Return to Normal Drinking
No one likes a drunk. At best, the person may become a little drunk at a party, and we excuse it. At worst, the person may be regularly drunk, embarrass themselves and everyone within hearing distance. Everyone knows that their drinking is out of control except the drinker.
This type of drinking is not carried out for pleasure; it is compulsive drinking, or drinking with a purpose. The good news is that it is not necessary for people to give up alcohol completely. It is possible for them to return to normal drinking like the rest of us.
Reducing the alcohol intake is not easy. If consumption has reached a point of physical addiction, a return to normality must be carried out carefully. If the body has adapted to the large amounts, it must readapt to lower levels. This can be carried out rapidly but is not nice and may require medical supervision, or reduction can be carried out gently.
The aim is for the person to return to normal drinking which is moderate social drinking and moderate drinking with meals. Partners of heavy drinkers usually want zero intake but this is often not realistic or even necessary.
There are many reasons why people want to reduce their alcohol consumption. The main ones are: to improve their health, increase their lifespan, improve their quality of life, keep their job, keep their partner, save money, and be safe again.
There is a program to return to normal drinking. It does not require turning to God, becoming a Buddhist, being locked up in a clinic, or drinking two gallons of fizzy gunk every day. What it requires is a decision to return to normal drinking and a willingness to work through a program to make it happen.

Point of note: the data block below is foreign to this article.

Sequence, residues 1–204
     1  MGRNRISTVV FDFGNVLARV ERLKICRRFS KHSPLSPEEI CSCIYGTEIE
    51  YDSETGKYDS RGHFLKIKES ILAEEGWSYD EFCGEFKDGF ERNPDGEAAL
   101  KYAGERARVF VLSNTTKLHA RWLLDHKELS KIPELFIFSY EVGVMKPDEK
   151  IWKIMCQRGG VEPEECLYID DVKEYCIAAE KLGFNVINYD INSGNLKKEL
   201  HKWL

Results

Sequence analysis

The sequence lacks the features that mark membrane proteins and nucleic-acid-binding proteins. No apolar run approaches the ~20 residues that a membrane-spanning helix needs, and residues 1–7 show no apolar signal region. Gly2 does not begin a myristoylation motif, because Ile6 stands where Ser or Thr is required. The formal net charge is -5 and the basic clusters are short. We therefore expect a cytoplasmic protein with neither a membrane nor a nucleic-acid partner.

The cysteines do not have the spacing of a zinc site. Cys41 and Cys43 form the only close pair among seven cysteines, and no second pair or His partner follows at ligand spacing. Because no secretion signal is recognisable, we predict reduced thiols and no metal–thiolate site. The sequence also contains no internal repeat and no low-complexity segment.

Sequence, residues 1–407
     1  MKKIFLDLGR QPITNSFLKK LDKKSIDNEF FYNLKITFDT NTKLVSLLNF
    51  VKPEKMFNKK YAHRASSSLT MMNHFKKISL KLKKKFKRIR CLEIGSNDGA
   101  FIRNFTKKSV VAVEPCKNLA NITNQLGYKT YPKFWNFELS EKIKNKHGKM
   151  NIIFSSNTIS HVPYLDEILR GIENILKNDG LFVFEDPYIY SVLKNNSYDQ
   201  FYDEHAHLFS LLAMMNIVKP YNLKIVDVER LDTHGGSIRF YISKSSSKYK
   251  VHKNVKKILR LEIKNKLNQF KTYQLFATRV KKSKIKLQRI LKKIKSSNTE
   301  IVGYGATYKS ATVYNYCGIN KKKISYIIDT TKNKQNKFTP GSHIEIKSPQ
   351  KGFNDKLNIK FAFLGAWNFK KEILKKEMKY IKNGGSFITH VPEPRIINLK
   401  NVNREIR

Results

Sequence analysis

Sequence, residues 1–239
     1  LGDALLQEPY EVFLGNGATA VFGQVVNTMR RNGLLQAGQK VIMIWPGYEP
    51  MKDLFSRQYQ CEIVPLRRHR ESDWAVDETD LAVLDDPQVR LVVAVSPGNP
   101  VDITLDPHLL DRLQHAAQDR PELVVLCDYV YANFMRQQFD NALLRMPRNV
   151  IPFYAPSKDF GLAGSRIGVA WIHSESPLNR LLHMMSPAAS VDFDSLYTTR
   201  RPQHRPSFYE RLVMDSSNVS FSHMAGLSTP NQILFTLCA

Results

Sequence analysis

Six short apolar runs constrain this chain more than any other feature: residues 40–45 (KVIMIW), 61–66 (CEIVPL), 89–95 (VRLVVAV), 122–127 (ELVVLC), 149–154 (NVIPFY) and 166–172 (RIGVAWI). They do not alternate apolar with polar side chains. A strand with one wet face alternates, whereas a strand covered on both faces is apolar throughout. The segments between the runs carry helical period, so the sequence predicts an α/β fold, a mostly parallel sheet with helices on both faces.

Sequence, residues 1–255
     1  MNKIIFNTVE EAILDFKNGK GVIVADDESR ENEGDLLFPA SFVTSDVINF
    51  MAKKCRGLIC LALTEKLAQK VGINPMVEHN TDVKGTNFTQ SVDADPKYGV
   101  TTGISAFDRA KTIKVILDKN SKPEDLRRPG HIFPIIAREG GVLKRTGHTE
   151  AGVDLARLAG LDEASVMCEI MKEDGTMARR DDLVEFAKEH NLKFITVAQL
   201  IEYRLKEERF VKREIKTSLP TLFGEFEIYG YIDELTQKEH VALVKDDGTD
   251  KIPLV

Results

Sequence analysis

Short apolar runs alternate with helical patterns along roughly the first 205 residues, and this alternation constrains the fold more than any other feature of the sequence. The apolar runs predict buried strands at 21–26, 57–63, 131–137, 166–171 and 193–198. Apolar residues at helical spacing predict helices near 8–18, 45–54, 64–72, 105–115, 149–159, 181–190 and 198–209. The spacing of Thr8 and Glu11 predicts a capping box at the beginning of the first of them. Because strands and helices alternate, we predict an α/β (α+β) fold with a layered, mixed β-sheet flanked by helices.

The stages are as follows:
1 Decide on what alcohol consumption is acceptable. This may be times of day, amount per day, occasions when it is acceptable. This must be decided by the person, not by the partner, doctor or therapist.
2 Identify the reasons for drinking to excess. Common reasons given include: escape from life, boredom, helps with communication when shy, helps with communication if oppressed by someone, celebration or reward, social, with meal, to help relax, to help sleep or generally a bad habit.
3 Deal with each of the causes of drinking so that there are new and better ways of coping with the problems.
4 Monitor the drinking by recognising the reason for having each drink.
5 Drinking reduces naturally and establishes a habit of drinking less.
6 Remove the thought that drinking helps deal with problems.
There is no magic to the program; it simply recognises that some people use alcohol as a coping mechanism and they need a better one. They can then drink socially or at meal times without a driving need or craving to keep on drinking.
The author, Grahame Milton-Jones is a Psychotherapist working at the Family Medical Centre, Albir and can be reached on 966 865 072.